Reduction from minimum dominating set to the set cover

To solve the min dominating set problem of a graph G, we can reduce it to a set cover problem.

For example to find the MDS of the graph G:


We can create an instance of the Set Cover problem by:

  1. Introducing the universe U to be equal to all vertices of the graph: U={0, 1, 2, 3, 4}.

  2. For every closed neighborhood of a vertex in G, we introduce a subset S:

    s= {{0, 1}, {0, 1, 2}, {1, 2, 3, 4}, {2, 3, 4}, {2, 3, 4}}

A minimum set cover solution of the instance (s, U) is similar to a minimum dominating set solution in the graph G.

My first question is how we can prove that this reduction is correct, and will give the correct MDS solution for every graph. In our example, the reduction works well and give the correct result.

My second question is how this reduction is related to the reduction when we deal with NP-complete proof(for example we can prove that the MDS problem is NP-complete by reduction to the vertex cover problem).

Are those reductions related? Thank you

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How to cover holes with disks of a fixed radius?

So you have a sheet / area of a given dimension, and within this area are holes (their center point(x,y) and radius are given). The problem is you need to cover these holes with patches. These circular patches have a fixed radius (ie: radius of 5) and are not allowed to overlap with each other (but can touch). You’re allowed to use as many as you like, the goal is not to find the most optimal number, but to see if it’s possible to cover every single hole.

I’ve solved a similar problem with a KD tree, but due to the 3D dimensional nature of the holes in this problem, I’m unsure on how to approach it. Just looking for a pointer in the right direction, not the coded solution 🙂

Who is that demon on the cover?

One of the most enduring and iconic images from the history of D&D is Trampier’s cover for the 1ed AD&D Player’s Handbook. You know the one: orange demon idol with the thieves prying out the gigantic eye gems, while the other party members stand amid the bodies of dead lizard men.

cover of the original AD&D players handbook

I realize that at the time, it was supposed to be a fairly generic moment. My question is: Have the elements from that illustration ever been officially developed in a D&D product? Were they used in a sanctioned module or tournament? The setting of a novel that takes place in one of the D&D campaigns?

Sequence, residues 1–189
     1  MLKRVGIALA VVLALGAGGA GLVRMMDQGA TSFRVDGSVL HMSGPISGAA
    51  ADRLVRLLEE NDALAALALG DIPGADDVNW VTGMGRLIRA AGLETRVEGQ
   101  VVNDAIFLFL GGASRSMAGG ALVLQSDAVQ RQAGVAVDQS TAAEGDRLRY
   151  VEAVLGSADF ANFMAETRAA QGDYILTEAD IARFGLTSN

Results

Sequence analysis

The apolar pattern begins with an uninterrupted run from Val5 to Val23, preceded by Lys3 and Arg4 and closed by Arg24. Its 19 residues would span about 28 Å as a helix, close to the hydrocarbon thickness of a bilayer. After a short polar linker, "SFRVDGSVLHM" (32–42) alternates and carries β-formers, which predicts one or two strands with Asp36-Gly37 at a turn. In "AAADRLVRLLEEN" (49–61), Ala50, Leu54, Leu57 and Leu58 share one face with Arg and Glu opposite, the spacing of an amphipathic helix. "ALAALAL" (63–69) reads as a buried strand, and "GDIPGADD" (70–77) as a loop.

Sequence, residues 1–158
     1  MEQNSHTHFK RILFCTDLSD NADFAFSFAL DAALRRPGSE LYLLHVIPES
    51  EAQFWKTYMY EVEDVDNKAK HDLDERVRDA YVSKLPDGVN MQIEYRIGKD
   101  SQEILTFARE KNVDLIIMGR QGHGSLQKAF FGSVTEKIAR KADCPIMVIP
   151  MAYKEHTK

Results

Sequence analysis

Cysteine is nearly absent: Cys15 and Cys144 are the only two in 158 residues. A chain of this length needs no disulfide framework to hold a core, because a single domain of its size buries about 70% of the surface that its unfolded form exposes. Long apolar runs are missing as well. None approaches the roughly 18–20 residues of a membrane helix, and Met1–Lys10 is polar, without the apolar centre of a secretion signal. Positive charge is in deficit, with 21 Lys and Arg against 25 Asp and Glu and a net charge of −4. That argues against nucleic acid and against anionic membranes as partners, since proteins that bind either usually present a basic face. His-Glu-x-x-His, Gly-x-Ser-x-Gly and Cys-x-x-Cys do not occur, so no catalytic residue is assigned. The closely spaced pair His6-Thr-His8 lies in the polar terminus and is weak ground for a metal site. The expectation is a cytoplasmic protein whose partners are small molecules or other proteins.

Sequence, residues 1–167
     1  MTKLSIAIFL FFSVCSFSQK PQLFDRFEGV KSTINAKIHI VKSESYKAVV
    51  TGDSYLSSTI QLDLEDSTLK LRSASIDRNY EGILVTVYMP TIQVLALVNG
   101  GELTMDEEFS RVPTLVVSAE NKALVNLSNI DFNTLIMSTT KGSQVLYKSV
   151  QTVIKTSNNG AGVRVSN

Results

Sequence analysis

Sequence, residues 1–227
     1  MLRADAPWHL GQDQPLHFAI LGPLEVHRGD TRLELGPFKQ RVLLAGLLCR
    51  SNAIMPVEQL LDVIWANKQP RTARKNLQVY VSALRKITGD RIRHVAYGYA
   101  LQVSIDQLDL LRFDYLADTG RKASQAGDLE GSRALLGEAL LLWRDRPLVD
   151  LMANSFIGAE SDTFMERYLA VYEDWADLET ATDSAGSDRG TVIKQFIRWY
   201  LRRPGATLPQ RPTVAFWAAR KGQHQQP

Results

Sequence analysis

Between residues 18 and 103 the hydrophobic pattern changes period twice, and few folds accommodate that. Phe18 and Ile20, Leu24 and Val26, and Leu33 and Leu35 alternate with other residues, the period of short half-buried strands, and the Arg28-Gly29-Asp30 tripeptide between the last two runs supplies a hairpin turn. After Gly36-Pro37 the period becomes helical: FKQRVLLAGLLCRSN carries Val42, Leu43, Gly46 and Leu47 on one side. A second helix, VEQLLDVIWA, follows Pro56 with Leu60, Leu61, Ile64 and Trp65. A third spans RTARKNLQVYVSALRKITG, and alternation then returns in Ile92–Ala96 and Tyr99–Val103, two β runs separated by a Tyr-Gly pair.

If not that, I am willing to accept answers based on unofficial usage (even a sufficiently developed home brewed solution). I’d like to have my players run through that room, and if it has any TSR/WotC history, I’d like to pay homage to it.

I am not tagging this with any single edition of D&D, despite its origin in AD&D 1e.

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Can I use a hand holding a focus from one class to cover somatic components for a spell from another class?

I want to try playing a multiclass Hexblade 2 / College of Swords Bard 18, but I’m concerned about how focused will work.

I intend to hold a shield in one hand with a sword in the other. Thanks to College of Swords I am able to use the sword as a focus for my bard spells. However, I was hoping that I would be able to cast Shield from my hexblade spell list in the thick of battle.

As Shield requires a Somatic component, would I be able to use my sword hand (which is holding a focus, but for bard spells not warlock spells) to cover the Somatic components of Shield? I know that if it had a Material component I would need an arcane focus, but this situation seems ambiguous to me.

tl;dr Can I use my hand holding a bardic focus to cover the Somatic components for a Warlock spell?

pg. 15 XGtE under Bonus Proficiencies:

If you’re proficient with a simple or martial melee weapon, you can use it as a spellcasting focus for your bard spells.

pg. 203 PHB under Material (M):

A spellcaster must have a hand free to access these components, but it can be the same hand that he or she uses to perform somatic components.

This doesn’t actually state that materials are required for you to use the a hand holding the material components to perform somatic components.

I was really just hoping to get a response that cited a rule I might have missed (preferably about multiclassing, but such rules in the PHB skip over foci entirely).

Book recommendation on Lie group which deals universal cover of Lie group

I am looking for a book about Lie group in a differential geometry point-of-view. Especially, I want a book that deals about the covering space of Lie group.

Actually, I think I have seen this kind of book before, but I don’t remember the title. However, I remember that Chapter 15 of this book has title “Lie groups and Lie algebras”(not certain), and there is a subsection(paragraph?) about the “Closed Subgroup Theorem”. Could you identify what the title of this book is?